In British naval history 1759 is known as the Year of Victories. "The echoes of the bells that rang for victory in 1759 have only recently died away ..... victory was achieved ...because of .. William Pitt .. and the exercise of British sea-power". Ludovic Kennedy, Introduction to The Seven Years War, 1973, by Rupert Furneaux. It is arguable that these victories were also achieved by reason of the considerable encouragement referred to by Voltaire.

Christmas 1759. David Garrick writes Heart of Oak, with music by Dr William Boyce. In 1768 the Americans John Dickinson and Arthur Lee re-wrote some of the words, adding the second stanza given below. American libertarians at this date were still loyal to Britannia's glory and wealth, however.

Come cheer up, my lads,
'Tis to glory we steer,
To add something more
To this wonderful year,
To honour we call you,
Not press you like slaves,
For who are so free
As the sons of the waves?

Chorus:
     
Heart of oak are our ships,
Jolly tars are our men,
We always are ready,
Steady, boys, steady,
We'll fight and we'll conquer
Again and again.
Our worthy forefathers,
Let's give them a cheer,
To climates unknown,
Did courageously steer.
Through oceans and deserts,
For freedom they came,
And dying, bequeathed us
Their freedom and fame.

Garrick's lines owe more than something to John Gay's Polly, Act II, Scene ii, 1729:

AIR XXVII. Minuet
Culverin.Cheer up my lads, let us push on the fray,
For battles, like women, are lost by delay.
Let us seize victory while in our power;
Alike war and love have their critical hour.
Our hearts bold and steady should always be ready,
So, think war a widow, a kingdom the dower.

[Exeunt.


David Garrick as Richard III by William Hogarth 1745

"As a painter he [Hogarth] had but slender merit". H.Walpole

It is sad to reflect that 1759 was the year Brooking died, at the age of 36. His place was not wholly filled by any later marine painter. Had Vertue lived a little longer, perhaps he would have noticed him. Walpole had no doubt heard of both him and Swaine, but was so infatuated with Scott that mention of any real marine painter was out of the question. Brooking's talents completely eclipsed Scott, and, in any case, by now Swaine was also capable of far better work than Scott in the genuine marine genre.

1760
Death of George II. Accession of George III.
Scott retires to Twickenham, and virtually abandons marine painting. Walpole starts work on his Anecdotes of Painting. See here.

1761
The Committee of the Incorporated Society of Artists, Francis Hayman in the chair, votes a total of 20 guineas to Mrs Hannah Monamy, from the proceeds of their first exhibition at Spring Gardens, Vauxhall. The fact that Brooking's widow was also donated a sum of money suggests that works by both painters were on view in the exhibition.
"On the 8th July 1761 King George III announced his intention of marrying Princess Charlotte of Mecklenburg Strelitz ..... The yacht Royal Caroline was refitted and redecorated, and her name changed to Royal Charlotte in honour of the future Queen ..... Anson sailed from Harwich on 8th August, and on 24th August the Princess embarked for England arriving back at Harwich on the 6th September."


The Royal Charlotte bound for Harwich. 18 x 23¾. Sale 26/6/1981, lot 80.
Signed Swaine, dated 1763. Described as a property of the Anson family.
This stormy scene, painted for the Anson family, went to Swaine, not Scott.
Swaine's canvas is exclusively modelled on Monamy's much earlier composition.
There is little evidence that Swaine took any notice at all of van de Velde.

1762 -1763
After 9 years, the end of the Seven Years War is ratified at Paris, on 10th February 1762, following signature of preliminaries at Fontainebleau on 3rd November 1761.

1764 1765 1766

1767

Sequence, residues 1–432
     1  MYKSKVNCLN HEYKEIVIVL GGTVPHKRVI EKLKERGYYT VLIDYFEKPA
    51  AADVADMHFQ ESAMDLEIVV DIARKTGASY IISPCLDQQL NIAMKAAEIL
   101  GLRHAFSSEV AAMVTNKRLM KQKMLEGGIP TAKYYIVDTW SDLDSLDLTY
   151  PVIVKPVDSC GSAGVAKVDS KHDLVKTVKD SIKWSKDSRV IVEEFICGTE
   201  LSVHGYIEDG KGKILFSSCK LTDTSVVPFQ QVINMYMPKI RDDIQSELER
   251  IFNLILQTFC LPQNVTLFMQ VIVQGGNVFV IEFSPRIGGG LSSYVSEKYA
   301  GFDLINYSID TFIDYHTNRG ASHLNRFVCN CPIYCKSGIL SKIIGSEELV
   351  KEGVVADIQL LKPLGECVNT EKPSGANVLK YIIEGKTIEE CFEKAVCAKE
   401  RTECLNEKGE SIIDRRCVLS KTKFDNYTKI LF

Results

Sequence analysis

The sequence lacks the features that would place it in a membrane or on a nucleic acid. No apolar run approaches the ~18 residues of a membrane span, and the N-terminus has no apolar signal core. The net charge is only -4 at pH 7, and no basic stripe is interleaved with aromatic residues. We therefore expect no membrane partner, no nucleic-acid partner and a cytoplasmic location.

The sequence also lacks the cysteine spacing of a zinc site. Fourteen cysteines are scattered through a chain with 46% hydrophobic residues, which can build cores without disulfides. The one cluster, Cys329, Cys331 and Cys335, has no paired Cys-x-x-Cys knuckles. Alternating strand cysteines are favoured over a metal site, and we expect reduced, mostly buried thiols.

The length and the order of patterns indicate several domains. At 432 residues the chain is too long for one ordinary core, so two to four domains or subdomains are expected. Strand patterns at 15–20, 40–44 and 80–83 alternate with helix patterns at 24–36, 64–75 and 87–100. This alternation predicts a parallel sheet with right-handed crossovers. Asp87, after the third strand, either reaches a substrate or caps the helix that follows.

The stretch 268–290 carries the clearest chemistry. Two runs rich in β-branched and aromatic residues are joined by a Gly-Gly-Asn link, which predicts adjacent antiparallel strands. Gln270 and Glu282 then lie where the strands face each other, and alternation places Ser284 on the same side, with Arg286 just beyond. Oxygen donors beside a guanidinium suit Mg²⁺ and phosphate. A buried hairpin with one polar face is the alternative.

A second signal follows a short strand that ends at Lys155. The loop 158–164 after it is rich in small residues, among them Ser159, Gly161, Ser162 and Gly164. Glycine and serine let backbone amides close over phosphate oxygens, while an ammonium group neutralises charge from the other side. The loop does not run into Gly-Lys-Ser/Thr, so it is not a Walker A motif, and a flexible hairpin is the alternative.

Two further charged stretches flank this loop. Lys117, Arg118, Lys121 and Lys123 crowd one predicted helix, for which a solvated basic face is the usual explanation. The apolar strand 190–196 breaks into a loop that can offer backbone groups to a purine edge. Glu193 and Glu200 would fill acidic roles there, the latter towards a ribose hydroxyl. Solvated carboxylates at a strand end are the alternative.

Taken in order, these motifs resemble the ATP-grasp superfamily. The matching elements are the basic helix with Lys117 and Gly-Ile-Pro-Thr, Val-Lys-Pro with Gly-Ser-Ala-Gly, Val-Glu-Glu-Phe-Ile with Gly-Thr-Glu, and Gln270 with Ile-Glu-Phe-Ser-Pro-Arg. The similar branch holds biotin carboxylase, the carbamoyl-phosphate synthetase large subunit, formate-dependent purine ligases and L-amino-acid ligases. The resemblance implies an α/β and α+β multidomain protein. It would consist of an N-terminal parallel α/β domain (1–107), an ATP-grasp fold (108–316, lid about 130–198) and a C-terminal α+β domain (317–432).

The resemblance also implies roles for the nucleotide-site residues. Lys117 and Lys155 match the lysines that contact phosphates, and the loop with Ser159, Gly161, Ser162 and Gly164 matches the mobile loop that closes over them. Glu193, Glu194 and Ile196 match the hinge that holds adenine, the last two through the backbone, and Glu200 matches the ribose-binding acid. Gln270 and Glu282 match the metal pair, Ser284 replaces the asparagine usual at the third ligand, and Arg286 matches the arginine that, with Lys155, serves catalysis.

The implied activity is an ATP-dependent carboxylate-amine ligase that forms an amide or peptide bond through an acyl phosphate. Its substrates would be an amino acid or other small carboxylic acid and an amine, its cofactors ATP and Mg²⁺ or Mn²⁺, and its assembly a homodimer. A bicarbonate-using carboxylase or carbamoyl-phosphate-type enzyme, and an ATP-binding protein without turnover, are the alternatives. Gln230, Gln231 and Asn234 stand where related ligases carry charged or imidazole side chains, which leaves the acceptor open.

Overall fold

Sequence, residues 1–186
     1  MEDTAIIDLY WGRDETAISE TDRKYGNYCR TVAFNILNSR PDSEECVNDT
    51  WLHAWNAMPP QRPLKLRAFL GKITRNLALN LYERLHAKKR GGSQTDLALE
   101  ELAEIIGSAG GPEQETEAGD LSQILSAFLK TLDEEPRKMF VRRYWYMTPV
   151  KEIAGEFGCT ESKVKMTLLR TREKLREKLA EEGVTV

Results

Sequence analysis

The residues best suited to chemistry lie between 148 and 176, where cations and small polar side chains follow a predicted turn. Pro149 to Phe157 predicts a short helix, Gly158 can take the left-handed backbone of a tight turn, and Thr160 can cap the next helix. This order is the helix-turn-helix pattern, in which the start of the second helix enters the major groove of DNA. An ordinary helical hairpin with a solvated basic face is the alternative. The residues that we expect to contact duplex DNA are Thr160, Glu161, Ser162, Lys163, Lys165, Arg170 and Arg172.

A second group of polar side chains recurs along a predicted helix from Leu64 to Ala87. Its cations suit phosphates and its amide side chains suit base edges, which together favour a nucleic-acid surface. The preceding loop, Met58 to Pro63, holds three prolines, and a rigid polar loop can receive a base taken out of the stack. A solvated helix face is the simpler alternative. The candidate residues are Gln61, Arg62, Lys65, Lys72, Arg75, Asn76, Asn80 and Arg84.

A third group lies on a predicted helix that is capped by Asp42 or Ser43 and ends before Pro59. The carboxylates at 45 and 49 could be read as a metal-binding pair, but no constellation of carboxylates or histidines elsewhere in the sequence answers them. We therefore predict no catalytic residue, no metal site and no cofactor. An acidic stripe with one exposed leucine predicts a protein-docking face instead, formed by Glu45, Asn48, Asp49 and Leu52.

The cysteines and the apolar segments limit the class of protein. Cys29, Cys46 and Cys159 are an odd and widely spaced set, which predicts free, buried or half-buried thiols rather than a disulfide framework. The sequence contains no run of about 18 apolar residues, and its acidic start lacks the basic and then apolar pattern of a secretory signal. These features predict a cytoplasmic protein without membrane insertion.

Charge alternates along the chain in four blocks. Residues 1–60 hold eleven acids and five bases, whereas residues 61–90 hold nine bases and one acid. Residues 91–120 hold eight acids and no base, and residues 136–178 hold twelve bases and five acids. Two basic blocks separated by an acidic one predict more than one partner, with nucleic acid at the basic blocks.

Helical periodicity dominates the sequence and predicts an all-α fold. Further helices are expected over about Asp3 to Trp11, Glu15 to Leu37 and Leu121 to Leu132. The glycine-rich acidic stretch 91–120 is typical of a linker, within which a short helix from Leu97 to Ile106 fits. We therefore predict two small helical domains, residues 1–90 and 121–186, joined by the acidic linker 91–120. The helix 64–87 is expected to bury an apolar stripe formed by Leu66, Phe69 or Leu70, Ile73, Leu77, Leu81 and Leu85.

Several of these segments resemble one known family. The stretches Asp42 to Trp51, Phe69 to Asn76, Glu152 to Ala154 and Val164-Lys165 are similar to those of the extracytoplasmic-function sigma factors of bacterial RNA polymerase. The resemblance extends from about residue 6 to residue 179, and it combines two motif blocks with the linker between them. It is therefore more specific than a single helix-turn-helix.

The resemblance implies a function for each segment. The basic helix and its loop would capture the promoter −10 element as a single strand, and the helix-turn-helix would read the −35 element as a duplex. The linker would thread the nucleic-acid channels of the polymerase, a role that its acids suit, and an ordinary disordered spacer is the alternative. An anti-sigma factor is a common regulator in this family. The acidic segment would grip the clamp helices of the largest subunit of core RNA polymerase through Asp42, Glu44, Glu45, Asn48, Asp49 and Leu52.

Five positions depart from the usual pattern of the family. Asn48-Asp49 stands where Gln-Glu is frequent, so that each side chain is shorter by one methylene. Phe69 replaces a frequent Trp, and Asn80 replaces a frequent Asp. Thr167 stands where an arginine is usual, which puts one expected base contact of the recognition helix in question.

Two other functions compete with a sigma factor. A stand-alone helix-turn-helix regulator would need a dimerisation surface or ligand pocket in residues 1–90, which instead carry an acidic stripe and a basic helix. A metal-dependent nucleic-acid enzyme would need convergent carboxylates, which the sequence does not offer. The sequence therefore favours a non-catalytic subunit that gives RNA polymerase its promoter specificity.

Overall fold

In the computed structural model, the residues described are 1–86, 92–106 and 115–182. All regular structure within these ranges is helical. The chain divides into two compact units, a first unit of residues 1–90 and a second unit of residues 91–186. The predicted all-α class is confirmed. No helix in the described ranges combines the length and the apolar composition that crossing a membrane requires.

Letter from Peter Monamy Cornwall (aged 20), Marsham Street, Westminster, November 1st, 1767, to "His Grace the Duke of Newcastle, at Claremont, near Esher, Surrey," seeking patronage. The letter ends: "I imagine you will not judge amiss of me, if with the hopes of your becoming a future Maecenas to me, I conclude with the Lines which I heard you repeat with so much cheerfulness and Satisfaction in our Senate House,

Dum memor ipse mei; dum Spiritus hos regit artus
Semper Honos, Nomenque Tuum, Laudesque manebunt

To This, my Lord, permit me to subscribe myself your most Dutiful and Obedient Servant, Peter Monamy Cornwall".       P.M.Cornwall was Francis Swaine's nephew.


Review of the Fleet, Spithead, 1767, by Francis Swaine

1768
Death of the Duke of Newcastle.

1769
10/11/1769: Letter from Peter Monamy Cornwall, Marsham Street, Westm[inste]r [London], to William H. Cavendish-Bentinck, 3rd Duke of Portland, Charles Street, Berkeley Square, London. Apologises for his 'abrupt behaviour', but informs the Duke that he is on the brink of 'losing' his degree at Cambridge, and with it the chance of a fellowship at Trinity College, due to his inability to pay his tutor; refers to the Duke's 'notice towards those who labour under misfortunes'; asks for his assistance, stating college masters who will vouch for his character. Click here for correspondence of Duke of Portland. [ref: Pw F 3096; see also letter ref: PwF 3097].

1770 1771

1772
Peter Monamy Cornwall appointed Curate at Fonthill Gifford. Alderman Beckford had died in 1770. His son, William, was then aged 12.

1773 1774 1775 1776 1777 1778 1779 1780 1781 1782 1783 1784 1785 1786 1787 1788 1789

1790

1791 1792

1793


H.M.S.Victory at sea, 1793; attributed to Monamy Swaine. National Maritime Museum.

1794
13/10/1794: Letter from Peter Monamy Cornwall, Wotton-under-Edge [Gloucestershire], to William H. Cavendish-Bentinck, 3rd Duke of Portland, Privy Gardens, London. States that he is 'an old Westminster, poorly benefic'd, who wants to place out a numerous offspring in reputable situations'; asks if the duke will subscribe to two volumes of his sermons, citing various other nobles who have already done so. The Rev P.M.Cornwall was now aged 47, and had fathered eight children. There were another three to come, and the strain was telling. He was not, however, a man to give up the ghost easily. Here.

1796
19/3/1796: First public auction of a collection of marine paintings, lately belonging to John Stuart, Earl of Bute, 1713-1792, Tory Prime Minister, 1762-63.

timeline 1: 1652-1698       timeline 2: 1697-1750       timeline 3: 1749-1755
introduction       background
article 1981       article 1983
phlegmatic performances
monamy print-based index